Then the house next door came up for rent and we knew the place well before the old owners had sold: We'd had working bees to break up concrete, we'd helped re-plant the front with natives, there had been multiple sleep-overs, our kids were sleeping in the bunk beds that the number eight kids had outgrown. We also knew about its problems. Even though it was more than we were paying for a better place we thought well lets try to get it, we wouldn't have to move out of our wonderful street and we would be spared huge moving costs. The space is larger (we were trying to be positive) but has some pitfalls, it's difficult to clean and has more than a few problems, a couple of major ones which the real estate would later just pretend didn't exist.

So I am still on this street and have been for ten years now. I love that kids can travel between houses, that we take kids off the others hands, that we are there for each other in good times and bad. They ride bikes together have water fights and jump on the communal trampoline, we older folks eat and drink and laugh and cry together.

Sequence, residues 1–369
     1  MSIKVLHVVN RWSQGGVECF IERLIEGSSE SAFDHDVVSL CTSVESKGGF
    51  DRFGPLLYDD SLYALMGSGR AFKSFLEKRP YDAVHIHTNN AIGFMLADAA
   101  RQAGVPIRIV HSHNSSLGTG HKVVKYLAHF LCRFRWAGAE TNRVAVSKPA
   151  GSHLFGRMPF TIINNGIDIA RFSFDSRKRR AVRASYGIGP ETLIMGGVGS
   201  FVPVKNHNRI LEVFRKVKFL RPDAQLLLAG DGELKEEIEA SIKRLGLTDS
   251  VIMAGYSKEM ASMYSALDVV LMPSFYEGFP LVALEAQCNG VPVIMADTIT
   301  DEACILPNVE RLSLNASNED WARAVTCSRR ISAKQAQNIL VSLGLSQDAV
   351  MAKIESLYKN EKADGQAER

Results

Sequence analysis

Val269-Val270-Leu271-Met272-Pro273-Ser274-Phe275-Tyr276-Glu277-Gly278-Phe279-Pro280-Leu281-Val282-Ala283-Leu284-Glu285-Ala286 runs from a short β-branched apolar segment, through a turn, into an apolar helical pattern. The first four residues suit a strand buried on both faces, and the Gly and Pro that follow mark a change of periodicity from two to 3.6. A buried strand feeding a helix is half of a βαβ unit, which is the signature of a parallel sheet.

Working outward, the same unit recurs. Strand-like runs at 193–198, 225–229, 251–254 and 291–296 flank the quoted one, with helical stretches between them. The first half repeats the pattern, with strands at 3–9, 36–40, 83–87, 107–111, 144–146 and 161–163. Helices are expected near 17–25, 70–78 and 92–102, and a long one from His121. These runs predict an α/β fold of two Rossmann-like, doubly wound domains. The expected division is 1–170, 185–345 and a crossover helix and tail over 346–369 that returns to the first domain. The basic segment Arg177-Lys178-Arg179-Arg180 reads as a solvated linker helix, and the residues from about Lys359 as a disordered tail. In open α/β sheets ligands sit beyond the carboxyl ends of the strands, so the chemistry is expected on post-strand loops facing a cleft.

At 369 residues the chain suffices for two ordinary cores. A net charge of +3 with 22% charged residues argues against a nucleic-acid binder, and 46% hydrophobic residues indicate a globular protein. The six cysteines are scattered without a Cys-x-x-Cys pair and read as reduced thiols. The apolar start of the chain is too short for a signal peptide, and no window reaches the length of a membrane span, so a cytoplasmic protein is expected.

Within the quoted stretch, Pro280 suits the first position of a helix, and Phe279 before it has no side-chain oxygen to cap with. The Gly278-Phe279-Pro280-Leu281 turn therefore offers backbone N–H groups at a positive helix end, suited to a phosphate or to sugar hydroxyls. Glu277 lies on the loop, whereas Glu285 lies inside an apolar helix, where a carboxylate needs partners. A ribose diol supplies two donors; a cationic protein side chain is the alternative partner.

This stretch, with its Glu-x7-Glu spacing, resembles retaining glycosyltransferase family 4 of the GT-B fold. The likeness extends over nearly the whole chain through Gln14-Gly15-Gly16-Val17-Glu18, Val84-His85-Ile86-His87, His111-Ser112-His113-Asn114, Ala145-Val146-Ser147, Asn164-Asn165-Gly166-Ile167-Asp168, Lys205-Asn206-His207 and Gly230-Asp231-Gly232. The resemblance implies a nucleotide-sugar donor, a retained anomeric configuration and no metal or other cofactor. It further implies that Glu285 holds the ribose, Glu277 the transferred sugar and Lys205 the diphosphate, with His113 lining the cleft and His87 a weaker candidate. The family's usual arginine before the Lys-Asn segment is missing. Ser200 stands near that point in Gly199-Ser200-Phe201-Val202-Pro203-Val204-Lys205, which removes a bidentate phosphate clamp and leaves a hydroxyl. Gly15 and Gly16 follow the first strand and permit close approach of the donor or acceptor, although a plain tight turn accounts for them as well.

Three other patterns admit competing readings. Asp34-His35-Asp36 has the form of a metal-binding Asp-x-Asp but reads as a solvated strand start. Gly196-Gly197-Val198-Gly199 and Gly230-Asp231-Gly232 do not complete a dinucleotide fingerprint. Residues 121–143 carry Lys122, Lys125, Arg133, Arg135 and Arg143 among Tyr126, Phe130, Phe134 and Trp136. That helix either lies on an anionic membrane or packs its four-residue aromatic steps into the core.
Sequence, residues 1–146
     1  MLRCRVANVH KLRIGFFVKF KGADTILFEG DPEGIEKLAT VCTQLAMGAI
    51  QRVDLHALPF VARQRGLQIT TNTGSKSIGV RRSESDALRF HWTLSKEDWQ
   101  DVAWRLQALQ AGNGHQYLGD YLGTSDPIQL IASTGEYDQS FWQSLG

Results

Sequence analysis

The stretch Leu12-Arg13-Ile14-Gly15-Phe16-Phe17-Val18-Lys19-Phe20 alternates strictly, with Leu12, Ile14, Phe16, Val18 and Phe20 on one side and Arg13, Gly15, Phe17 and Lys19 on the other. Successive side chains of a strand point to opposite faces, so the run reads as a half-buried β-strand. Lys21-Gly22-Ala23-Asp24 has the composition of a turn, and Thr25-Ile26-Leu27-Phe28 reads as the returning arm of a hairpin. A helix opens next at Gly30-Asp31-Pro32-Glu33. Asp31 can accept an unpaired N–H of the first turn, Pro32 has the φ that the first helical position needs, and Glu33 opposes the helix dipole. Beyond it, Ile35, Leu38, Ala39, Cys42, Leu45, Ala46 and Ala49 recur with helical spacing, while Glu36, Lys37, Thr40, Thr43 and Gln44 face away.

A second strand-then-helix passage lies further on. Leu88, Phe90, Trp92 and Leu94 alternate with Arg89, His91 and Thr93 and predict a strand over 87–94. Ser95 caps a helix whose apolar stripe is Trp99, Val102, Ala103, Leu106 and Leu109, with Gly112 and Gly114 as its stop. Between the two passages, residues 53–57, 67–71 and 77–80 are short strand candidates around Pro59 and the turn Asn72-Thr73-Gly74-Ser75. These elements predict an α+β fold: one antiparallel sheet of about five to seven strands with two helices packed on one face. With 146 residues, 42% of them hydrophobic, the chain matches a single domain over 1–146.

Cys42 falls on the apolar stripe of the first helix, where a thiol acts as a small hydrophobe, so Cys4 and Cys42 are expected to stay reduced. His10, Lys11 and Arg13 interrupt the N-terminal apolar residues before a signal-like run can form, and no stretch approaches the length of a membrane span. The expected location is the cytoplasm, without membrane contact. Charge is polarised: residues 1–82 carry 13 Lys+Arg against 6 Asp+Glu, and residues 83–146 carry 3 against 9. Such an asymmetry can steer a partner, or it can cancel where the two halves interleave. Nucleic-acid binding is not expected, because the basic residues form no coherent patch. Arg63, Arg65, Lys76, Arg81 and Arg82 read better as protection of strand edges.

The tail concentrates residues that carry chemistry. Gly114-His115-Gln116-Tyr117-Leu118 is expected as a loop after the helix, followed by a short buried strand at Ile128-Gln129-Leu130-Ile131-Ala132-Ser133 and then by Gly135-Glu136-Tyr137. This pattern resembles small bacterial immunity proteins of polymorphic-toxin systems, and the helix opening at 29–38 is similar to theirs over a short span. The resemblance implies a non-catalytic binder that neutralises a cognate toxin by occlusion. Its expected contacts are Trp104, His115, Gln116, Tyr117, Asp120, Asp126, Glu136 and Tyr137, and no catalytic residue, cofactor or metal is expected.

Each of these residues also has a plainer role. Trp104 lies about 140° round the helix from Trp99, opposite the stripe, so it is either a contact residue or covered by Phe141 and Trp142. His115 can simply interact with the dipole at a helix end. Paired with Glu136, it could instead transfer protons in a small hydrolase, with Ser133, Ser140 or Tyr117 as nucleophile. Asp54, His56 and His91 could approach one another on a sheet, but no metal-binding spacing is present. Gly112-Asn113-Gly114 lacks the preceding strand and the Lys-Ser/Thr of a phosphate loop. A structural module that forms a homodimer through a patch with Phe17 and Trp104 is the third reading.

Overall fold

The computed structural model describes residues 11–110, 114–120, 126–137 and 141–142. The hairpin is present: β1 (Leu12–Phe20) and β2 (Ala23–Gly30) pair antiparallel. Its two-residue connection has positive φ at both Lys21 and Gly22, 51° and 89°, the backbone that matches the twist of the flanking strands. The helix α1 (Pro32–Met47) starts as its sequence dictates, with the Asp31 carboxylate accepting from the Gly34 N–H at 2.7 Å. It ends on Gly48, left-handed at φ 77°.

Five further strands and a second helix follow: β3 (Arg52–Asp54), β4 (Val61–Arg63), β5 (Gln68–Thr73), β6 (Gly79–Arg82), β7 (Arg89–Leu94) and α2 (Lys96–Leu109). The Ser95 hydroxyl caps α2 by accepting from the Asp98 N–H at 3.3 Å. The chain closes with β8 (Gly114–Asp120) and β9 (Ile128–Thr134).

The newish kids at number nine held a lemonade stand recently to raise the funds for a LEGO purchasing co-op with our kids. It was a lovely afternoon and the kids were thrilled to have made $10. My commie husband was also thrilled by their initiative.

This to me is community this is the sort of place we all ought to live in. I don't necessarily want a better house I want my neighbors to come with me if I ever have to move out. They are my community and my network, and I love them.

Sunday, November 13, 2011


also comb
comb over
we watched our neighbor robbing his bees, Aaron got stung on the nose
al fresco
al fresco dining with broccoli from the garden
lotta cream
some (big) ice cream, to round out dessert
sweet slice
big bite
rocky road pizza
the blackboard cannot be denied
stress-testing the tent via sleep-over
sleepout sleepover - reading
beatrix reads pippi longstockings

Tuesday, November 1, 2011

too much on my plate

I feel like a bit of a stranger here on my own page. I haven't felt able to write lately, too many worries and too much to do.